On Jan 11, 2010, at 11:12 AM, Samuel Thibault wrote:
> > Are you thinking of adding bandwidth attributes?
> When the information is available through some way (be it by hand), yes.
> > Or are you thinking of adding weighting between objects in the hierarchy? Or ...?
> I'd tend to think that this would be an upper layer that applications
> would compute themselves, according to their needs.
FWIW, some networks provide this kind of information through an API, such as verbs. But it's not a straight "bandwidth" information; verbs provides lanes and widths. The point: different networks may report network-specific information differently.
> > More generally -- some objects can be bound to, some cannot.
> > How does this kind of thing extend to, say, co-processors (such as accelerators, FPGAs, GPGPUs, etc.)?
> I once thought about adding gpuset, maybe, but since the kinds of
> objects will probably vary a lot, maybe it's better to not try to be
> smart and let layers above handle it, only possibly provide for each
> kind the OS number (e.g. CUDA device number).
Maybe it would be better to add a (void*) on to the object to allow arbitrary 3rd parties to cache information off any given hwloc object. This would allow the upper-layer to assign specific context (such as additional device information) to any given hwloc object that could even persist across tree copies, etc.
> > > - Helpers that take cpuset parameters of course don't make sense any more
> > > when applied to networked topologies. But it probably doesn't make
> > > sense for the caller to call them in the first place, and the caller
> > > knows it since it's the caller that has first called the combining
> > > operation or loaded an XML file resulting from it.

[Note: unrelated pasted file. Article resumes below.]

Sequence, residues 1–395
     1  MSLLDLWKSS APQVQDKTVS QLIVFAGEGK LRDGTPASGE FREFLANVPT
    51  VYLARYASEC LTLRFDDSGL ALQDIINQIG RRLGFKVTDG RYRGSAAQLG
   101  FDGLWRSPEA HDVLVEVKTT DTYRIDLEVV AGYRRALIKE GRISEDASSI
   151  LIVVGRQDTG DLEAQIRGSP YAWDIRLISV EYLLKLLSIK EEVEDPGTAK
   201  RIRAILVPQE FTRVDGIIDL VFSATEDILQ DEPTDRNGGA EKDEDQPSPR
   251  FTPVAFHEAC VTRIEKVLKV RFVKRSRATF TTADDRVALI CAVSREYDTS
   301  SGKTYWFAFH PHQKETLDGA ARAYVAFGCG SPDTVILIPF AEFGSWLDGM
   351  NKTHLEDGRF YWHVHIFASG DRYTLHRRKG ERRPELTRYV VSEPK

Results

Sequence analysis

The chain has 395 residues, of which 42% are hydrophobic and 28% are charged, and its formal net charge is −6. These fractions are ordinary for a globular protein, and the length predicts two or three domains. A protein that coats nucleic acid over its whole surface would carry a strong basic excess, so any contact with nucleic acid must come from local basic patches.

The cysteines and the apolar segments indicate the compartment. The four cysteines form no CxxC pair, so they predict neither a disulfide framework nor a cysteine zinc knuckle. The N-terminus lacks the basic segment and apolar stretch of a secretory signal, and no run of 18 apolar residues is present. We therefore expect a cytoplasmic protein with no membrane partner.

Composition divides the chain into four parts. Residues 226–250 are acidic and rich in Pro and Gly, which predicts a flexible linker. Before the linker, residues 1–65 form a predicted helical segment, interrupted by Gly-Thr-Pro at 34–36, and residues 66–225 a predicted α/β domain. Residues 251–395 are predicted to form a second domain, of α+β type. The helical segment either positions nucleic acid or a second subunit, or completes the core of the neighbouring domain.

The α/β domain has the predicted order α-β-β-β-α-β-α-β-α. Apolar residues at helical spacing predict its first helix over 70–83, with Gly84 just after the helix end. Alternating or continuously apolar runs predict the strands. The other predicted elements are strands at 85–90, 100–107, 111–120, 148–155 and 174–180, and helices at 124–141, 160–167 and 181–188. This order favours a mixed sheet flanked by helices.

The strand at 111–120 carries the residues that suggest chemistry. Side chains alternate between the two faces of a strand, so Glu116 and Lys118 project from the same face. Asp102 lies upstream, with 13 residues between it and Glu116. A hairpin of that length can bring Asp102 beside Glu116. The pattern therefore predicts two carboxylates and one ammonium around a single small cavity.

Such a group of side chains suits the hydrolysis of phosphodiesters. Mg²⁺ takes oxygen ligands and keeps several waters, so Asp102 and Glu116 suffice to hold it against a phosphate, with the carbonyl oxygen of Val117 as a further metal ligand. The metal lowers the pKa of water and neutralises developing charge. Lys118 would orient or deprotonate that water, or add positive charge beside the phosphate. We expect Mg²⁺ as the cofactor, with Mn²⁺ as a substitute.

> > Agreed. Perhaps we should have a general query function that can return whether a given object can be bound to or not (e.g., for generic tree-traversal kinds of functionality)...?
> Well, to be "bound to" here would mean for a thread, i.e. to be bound
> to a CPU set. So testing for cpuset != NULL should be enough.
Ok, fair enough. We should document that assumption somewhere.
> As said
> above, I'm not sure we necessarily want to extend that notion since
> the various kinds of "binding something to" becomes numerous.
> > > The plan I see is that for 1.0 we only check that catenating .XML files
> > > by hand to build misc levels representing network layers does indeed
> > > work, which should mean that actual combining functions etc. should be
> > > possible to implement later.
> > FWIW, I'd prefer to see the combining/etc. functions ASAP -- we could definitely use such things in Open MPI...
> Mmm, doing it in the API is not so trivial, for 1.0 I'd rather just
> provide a small xml combiner (just a matter of tail/head/cat), which may
> be enough for a start. But if you need it at the API level, we can add
> it to the 1.0 milestone.
K. "He who implements, wins". So perhaps I can volunteer to implement this stuff. :-)
I'm curious -- what's the definition of cat'ing 2 XML files together? Does the 2nd become a subtree of the first?